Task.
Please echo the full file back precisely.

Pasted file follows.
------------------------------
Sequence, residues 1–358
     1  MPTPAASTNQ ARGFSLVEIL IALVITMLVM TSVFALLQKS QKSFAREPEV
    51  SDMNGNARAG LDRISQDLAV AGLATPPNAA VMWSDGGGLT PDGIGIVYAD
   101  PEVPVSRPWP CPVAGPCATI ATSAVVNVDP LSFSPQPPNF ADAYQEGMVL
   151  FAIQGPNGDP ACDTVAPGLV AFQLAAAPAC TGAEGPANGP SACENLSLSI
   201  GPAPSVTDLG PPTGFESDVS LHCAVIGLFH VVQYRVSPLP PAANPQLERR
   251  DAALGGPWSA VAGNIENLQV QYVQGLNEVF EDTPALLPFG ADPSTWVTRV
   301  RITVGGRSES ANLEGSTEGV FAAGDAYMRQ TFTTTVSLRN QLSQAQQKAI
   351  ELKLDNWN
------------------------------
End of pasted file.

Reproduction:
Sequence, residues 1–358
     1  MPTPAASTNQ ARGFSLVEIL IALVITMLVM TSVFALLQKS QKSFAREPEV
    51  SDMNGNARAG LDRISQDLAV AGLATPPNAA VMWSDGGGLT PDGIGIVYAD
   101  PEVPVSRPWP CPVAGPCATI ATSAVVNVDP LSFSPQPPNF ADAYQEGMVL
   151  FAIQGPNGDP ACDTVAPGLV AFQLAAAPAC TGAEGPANGP SACENLSLSI
   201  GPAPSVTDLG PPTGFESDVS LHCAVIGLFH VVQYRVSPLP PAANPQLERR
   251  DAALGGPWSA VAGNIENLQV QYVQGLNEVF EDTPALLPFG ADPSTWVTRV
   301  RITVGGRSES ANLEGSTEGV FAAGDAYMRQ TFTTTVSLRN QLSQAQQKAI
   351  ELKLDNWN